You can find templates online for a resume or CV that might help you in this process.
Some graduate schools will also ask you to submit a personal statement, which is an essay about how your experiences led you to apply for a particular program. Usually, there are no set topics, but some schools may have guidelines about the length and other considerations.
In some cases, however, you may need to answer specific questions, such as:
● Why are you interested in this program?
● How can the program help you on your career path?
● What are your most significant academic and professional accomplishments so far?
Here are some tips to help you write a strong personal statement:
● Begin with something interesting that will grab the reader's attention.
● Explain your growth during your undergraduate studies and work experiences.
●Provide information about why you're interested in the field and the specific institution to which you’re applying. Be descriptive.
●Write about your career goals and how the program in question can help you progress along that path.
Personal statements are another part of the application process where your writing skills are essential. The goal is to be as well prepared, convincing, sincere, and knowledgeable as possible.
Personal statement requirements may vary from one graduate program to another, so you might need to create a new one for each program you plan to apply to.
Additional Documents You May Need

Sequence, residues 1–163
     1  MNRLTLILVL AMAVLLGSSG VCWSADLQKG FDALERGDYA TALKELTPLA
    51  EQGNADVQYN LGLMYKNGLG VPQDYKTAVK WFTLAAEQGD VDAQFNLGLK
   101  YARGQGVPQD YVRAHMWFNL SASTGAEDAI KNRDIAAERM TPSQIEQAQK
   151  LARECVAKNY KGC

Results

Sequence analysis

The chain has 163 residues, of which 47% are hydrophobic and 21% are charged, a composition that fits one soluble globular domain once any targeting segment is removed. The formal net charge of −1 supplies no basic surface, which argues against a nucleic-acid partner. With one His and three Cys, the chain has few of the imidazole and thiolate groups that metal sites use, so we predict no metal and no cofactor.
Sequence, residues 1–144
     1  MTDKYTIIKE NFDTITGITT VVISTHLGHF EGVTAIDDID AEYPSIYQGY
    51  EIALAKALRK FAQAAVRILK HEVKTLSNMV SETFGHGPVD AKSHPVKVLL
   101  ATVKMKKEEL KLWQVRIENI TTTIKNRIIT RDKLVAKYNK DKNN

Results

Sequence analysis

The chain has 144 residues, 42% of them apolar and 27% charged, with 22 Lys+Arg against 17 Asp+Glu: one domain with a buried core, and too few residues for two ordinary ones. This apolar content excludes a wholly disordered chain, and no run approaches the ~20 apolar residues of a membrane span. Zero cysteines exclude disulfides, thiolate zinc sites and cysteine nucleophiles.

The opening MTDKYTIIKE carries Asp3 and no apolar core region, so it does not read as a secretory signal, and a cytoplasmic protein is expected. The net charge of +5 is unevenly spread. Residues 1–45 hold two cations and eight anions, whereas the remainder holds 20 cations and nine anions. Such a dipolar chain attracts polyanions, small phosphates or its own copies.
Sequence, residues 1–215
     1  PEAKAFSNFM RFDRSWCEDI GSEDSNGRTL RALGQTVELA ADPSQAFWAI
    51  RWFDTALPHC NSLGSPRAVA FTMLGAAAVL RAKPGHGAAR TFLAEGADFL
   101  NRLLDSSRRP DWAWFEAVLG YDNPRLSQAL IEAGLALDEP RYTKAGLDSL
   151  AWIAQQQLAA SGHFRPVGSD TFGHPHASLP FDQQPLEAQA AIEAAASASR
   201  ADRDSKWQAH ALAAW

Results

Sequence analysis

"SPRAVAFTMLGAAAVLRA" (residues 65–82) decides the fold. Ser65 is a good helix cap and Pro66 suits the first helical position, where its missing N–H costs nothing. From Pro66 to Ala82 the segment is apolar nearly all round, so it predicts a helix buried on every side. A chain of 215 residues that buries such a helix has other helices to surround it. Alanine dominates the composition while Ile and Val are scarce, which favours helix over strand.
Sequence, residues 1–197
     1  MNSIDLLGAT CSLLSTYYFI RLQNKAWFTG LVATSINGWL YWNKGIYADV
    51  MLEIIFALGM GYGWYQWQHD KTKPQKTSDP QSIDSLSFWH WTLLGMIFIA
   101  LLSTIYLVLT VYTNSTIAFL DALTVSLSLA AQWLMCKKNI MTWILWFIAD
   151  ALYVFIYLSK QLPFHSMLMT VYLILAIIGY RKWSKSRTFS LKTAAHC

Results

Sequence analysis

Some grad schools may require an interview or ask for additional documents, such as a statement of purpose, writing samples, or a portfolio.
Statement of Purpose
A statement of purpose, which is also in the form of an essay, describes your academic and personal background, academic and career goals, and reasons for applying. Also, you should explain why you're a good candidate for the program in question.
In the statement of purpose, it’s imperative to demonstrate strong writing skills. You should be descriptive and provide specific details about important formative lessons you learned during your studies, work experiences, or other relevant projects you participated in.
As with personal statements, you may need to write a unique statement of purpose for each application.
Some schools may conduct an interview as the last step of the application process.
To prepare, learn about the experiences of previous applicants and think about answers to frequently asked interview questions you may be asked.
At the end of the interview, you can ask questions of your own about topics such as using school resources, job opportunities at the school in question, and funding options. It's always good to ask questions — it shows your interest in the program.
If you're applying to a creative program, a portfolio will probably be the most crucial part of your application as it is a way to show your skills.
Sometimes grad schools ask for writing samples, such as an essay, a screenplay, or a poem.
With a writing sample, you have to prove that you can think critically, pay attention to details, and have a serious interest in the program in question.
Deadlines for applications at most schools are six to nine months before the start of the school year, leaving you enough time to prepare all documents you'll need and time to prepare for the exams.
Note that fees are a part of the application, ranging from $50 to more than $85.
It's good to start considering grad school around 18 months before the program begins; most application deadlines are six to nine months before the start of the program.
When choosing students, committees check academic records (e.g., GRE score and GPA), personal statements, letters of recommendation, and research experience. The ideal candidate is someone who is eager to learn, motivated, responsible, and hard-working.
Most students apply to between three and eight grad schools. How many you'll choose depends on your financial situation and the number of schools with a program you're interested in.